Homesteading Forum banner
1 - 4 of 4 Posts

·
Super Moderator
Joined
·
16,911 Posts
Discussion Starter · #1 ·
It is January 14th, and I think I should start feeding about February first to support and encourage new bee production.

Do you folks feed in the spring? When do you start?

Here in Kansas I used to start at the end of February, but I have noticed that brood rearing is already underway so I think that I will feed earlier this year. JAnuary-February are the 2 coldest months, but apparently the bees think that it is the right time!
 

·
Registered
Joined
·
36 Posts
Yes, we do in April, but we are medicating them with fumidil-B at the same time. Nosema Apis is what everyone used to be concerned about, now Nosema Ceranae seems to be the real concern. Many beeks are finding they have had it and didn't know it. Nosema Ceranae requires a longer feeding period with Fumidil-B from what I understand. Our long, damp, wet spring weather seems to be good breeding weather for it. If we want a big, quicker build-up of bees then we might start feeding a pollen or pollen substitute in the end of February here. :)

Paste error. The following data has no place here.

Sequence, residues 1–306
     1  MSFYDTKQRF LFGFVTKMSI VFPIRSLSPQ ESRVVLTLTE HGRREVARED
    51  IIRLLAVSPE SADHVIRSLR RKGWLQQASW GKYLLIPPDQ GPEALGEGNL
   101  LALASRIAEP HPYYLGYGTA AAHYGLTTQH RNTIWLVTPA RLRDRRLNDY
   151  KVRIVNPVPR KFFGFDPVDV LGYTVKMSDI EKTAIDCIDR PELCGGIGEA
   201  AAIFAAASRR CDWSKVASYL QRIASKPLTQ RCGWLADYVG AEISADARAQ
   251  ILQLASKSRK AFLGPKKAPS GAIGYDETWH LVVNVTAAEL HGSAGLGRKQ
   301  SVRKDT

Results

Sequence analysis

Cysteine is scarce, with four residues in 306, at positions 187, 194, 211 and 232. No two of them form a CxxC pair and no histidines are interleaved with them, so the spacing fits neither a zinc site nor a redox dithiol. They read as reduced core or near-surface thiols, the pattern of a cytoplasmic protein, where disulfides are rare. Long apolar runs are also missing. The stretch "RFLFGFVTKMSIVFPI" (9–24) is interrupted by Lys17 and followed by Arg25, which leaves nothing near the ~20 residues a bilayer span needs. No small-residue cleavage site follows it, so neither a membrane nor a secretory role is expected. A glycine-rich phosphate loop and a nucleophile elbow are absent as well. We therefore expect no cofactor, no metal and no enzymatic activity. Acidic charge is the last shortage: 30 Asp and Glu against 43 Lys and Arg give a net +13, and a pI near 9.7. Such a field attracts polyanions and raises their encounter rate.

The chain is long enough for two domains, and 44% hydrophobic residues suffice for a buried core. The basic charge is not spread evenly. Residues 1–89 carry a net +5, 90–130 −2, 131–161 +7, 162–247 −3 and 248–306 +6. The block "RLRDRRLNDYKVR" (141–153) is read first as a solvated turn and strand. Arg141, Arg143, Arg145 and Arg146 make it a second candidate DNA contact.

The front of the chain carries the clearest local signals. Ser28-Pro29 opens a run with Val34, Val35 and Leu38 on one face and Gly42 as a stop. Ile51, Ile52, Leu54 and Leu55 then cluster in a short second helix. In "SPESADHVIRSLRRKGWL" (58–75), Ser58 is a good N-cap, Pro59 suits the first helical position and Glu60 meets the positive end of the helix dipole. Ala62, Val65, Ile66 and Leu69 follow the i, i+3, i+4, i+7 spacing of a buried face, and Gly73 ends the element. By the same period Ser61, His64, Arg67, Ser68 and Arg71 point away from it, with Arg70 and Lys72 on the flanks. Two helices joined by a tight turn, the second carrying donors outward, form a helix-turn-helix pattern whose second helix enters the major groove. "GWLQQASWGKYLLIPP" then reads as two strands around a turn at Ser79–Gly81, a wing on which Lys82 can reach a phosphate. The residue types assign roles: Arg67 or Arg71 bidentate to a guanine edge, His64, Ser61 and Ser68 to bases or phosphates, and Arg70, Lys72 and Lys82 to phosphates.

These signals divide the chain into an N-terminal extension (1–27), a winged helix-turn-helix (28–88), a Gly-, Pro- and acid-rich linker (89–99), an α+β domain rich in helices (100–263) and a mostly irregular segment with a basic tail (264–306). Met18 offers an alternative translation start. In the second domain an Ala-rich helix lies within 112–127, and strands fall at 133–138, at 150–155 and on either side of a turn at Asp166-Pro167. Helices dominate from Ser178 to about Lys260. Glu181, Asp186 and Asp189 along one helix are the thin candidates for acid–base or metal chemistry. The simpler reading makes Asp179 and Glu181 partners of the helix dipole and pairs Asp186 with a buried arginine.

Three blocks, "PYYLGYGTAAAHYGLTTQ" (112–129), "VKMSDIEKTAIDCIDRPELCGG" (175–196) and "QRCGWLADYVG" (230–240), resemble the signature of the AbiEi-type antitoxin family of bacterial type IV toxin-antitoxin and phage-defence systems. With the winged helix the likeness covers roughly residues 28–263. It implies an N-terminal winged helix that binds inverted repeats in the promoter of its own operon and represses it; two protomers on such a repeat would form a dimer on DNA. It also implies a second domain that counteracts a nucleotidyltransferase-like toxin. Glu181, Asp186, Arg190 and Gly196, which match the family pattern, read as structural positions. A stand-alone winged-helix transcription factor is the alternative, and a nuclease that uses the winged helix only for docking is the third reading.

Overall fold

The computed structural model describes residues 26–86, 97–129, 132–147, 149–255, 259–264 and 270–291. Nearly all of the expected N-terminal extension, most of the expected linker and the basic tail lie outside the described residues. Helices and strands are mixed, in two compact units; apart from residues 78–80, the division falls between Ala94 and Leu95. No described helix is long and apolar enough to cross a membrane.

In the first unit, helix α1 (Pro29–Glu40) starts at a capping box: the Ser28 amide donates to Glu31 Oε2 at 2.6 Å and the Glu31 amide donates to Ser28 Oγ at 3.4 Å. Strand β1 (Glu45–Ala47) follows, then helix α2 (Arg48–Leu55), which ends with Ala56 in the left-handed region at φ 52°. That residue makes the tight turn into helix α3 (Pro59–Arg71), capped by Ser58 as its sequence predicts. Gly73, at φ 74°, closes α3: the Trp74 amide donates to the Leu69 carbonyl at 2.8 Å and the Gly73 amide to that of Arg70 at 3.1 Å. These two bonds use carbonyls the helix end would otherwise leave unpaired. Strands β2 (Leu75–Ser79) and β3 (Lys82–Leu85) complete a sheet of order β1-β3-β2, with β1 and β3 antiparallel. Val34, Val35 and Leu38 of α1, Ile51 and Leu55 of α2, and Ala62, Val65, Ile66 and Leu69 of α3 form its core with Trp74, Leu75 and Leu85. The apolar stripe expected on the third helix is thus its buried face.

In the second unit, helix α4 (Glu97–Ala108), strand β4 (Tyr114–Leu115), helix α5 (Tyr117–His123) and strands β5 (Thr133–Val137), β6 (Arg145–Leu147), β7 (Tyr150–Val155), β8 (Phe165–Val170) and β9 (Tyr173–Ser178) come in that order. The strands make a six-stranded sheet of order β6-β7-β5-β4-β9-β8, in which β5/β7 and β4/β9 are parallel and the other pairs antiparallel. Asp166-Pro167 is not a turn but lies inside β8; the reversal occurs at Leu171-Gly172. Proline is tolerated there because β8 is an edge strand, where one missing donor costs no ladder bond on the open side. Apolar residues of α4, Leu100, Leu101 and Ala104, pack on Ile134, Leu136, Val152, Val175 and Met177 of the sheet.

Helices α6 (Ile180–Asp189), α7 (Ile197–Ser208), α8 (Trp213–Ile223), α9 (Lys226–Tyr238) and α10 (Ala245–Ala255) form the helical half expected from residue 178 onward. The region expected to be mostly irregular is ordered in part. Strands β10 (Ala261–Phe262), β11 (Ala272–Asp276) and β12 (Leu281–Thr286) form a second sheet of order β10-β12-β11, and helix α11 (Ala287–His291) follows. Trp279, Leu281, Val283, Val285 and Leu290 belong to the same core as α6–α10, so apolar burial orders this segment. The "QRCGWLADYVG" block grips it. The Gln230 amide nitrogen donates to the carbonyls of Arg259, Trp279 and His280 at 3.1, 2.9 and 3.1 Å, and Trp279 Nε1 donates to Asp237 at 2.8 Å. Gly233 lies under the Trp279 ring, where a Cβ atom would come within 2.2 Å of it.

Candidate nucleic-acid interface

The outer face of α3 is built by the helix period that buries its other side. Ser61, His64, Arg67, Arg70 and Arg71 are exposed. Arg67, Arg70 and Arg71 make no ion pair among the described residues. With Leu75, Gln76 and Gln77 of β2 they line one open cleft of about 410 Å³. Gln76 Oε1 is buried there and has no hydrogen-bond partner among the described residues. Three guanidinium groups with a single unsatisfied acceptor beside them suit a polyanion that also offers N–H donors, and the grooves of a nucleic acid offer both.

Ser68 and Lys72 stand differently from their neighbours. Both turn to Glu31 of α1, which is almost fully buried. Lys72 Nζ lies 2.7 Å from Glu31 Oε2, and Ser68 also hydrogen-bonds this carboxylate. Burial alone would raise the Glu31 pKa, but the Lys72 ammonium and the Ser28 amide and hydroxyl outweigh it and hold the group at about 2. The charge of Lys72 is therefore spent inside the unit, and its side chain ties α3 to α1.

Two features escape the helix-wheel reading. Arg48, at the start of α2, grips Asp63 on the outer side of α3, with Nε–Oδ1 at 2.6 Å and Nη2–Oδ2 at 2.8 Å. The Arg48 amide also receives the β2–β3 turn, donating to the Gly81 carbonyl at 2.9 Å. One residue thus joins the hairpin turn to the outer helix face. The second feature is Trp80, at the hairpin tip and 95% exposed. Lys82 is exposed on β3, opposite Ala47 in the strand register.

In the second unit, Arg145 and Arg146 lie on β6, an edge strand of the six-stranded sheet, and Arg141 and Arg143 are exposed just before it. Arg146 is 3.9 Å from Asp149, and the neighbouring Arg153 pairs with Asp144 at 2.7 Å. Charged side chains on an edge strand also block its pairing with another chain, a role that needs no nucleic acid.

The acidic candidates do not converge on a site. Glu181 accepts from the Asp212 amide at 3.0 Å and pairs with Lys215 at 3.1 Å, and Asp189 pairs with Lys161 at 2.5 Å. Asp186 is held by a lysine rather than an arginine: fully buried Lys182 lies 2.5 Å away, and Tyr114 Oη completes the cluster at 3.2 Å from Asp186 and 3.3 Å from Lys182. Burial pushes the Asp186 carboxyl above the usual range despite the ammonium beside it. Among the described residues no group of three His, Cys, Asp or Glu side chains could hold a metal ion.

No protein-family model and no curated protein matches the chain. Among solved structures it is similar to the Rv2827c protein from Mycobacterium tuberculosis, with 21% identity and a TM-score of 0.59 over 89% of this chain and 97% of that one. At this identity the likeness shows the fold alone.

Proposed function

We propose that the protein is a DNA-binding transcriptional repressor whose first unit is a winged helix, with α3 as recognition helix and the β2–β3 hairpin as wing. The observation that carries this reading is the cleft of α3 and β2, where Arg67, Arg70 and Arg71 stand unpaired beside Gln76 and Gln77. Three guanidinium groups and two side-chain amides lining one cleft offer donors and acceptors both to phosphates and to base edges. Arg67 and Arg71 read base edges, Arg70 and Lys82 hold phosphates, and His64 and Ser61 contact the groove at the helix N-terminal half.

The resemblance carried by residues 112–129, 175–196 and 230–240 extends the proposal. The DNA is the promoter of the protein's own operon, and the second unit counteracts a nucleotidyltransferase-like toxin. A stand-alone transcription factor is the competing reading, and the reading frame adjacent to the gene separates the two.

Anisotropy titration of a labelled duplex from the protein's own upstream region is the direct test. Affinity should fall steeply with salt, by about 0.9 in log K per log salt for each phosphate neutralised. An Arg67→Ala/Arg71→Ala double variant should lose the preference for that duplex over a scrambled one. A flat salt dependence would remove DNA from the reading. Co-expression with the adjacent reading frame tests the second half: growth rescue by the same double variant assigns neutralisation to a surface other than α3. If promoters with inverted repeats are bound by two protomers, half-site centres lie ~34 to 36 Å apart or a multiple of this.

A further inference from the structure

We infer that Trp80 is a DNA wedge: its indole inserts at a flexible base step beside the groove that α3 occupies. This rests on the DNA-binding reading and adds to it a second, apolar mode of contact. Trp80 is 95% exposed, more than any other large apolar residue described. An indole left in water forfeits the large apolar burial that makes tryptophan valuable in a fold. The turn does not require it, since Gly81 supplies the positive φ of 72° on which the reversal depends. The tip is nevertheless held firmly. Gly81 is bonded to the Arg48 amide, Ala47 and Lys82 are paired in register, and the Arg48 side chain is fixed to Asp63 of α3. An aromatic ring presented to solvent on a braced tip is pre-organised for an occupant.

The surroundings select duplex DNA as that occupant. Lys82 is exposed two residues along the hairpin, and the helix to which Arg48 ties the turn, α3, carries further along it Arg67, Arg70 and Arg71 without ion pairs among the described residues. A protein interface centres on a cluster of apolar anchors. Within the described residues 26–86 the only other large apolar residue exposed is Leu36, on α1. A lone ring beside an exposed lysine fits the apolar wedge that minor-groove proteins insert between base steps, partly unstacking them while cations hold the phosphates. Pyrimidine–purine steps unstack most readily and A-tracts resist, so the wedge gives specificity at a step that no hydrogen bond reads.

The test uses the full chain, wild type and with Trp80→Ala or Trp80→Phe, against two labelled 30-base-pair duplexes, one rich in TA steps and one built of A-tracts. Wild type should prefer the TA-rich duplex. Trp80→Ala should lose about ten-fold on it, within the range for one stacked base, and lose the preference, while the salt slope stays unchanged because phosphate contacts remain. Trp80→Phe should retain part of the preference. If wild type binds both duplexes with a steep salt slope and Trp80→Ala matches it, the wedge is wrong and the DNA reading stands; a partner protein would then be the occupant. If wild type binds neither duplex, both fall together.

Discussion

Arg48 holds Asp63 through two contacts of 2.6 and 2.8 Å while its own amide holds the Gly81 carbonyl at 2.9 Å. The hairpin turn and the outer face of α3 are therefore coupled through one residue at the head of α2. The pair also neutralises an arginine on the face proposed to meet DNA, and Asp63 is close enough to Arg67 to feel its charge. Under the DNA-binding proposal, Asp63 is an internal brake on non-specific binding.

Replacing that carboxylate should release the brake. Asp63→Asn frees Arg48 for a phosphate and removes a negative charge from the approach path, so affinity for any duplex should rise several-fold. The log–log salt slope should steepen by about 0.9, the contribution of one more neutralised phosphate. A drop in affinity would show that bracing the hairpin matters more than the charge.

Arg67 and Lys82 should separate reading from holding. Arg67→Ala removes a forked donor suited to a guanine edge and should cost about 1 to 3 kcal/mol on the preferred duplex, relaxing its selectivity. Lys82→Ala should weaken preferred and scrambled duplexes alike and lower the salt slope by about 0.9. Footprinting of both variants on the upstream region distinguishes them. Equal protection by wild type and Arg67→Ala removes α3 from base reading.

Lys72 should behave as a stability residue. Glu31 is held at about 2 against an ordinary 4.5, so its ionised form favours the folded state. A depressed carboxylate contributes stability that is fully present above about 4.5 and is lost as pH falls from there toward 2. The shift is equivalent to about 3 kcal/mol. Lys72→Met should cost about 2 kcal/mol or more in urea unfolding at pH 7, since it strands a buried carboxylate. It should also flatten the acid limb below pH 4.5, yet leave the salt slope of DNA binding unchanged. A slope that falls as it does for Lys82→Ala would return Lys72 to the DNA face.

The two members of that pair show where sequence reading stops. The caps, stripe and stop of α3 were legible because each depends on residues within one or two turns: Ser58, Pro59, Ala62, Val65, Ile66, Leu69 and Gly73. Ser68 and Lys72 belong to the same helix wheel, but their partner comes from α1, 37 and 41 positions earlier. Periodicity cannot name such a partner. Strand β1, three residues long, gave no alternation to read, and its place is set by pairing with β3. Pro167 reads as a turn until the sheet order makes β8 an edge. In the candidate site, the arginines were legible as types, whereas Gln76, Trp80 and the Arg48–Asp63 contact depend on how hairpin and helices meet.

·
Premium Member
Joined
·
1,559 Posts
Just because brood-rearing starts doesn't necessarily mean you want to stimulate it further. It's typical for the queen to start laying once the days begin lengthening a bit, but we're a long way from Spring build-up. For me, any feeding this time of year is 2:1 syrup because the hives are light on stores. Once you start "stimulative" feeding (e.g., 1:1) you can't stop, and a cold snap can easily result in a lot of lost brood.
 

·
in memoriam
Joined
·
12,697 Posts
Even here in Michigan the queen will lay some brood starting in mid to late December.
We place pollen patties in late Febuary to boost the queens laying so we can do splits and nucs. Mid to late March is when the 1:1 syrup feeding starts.

:D Al
 
1 - 4 of 4 Posts
Top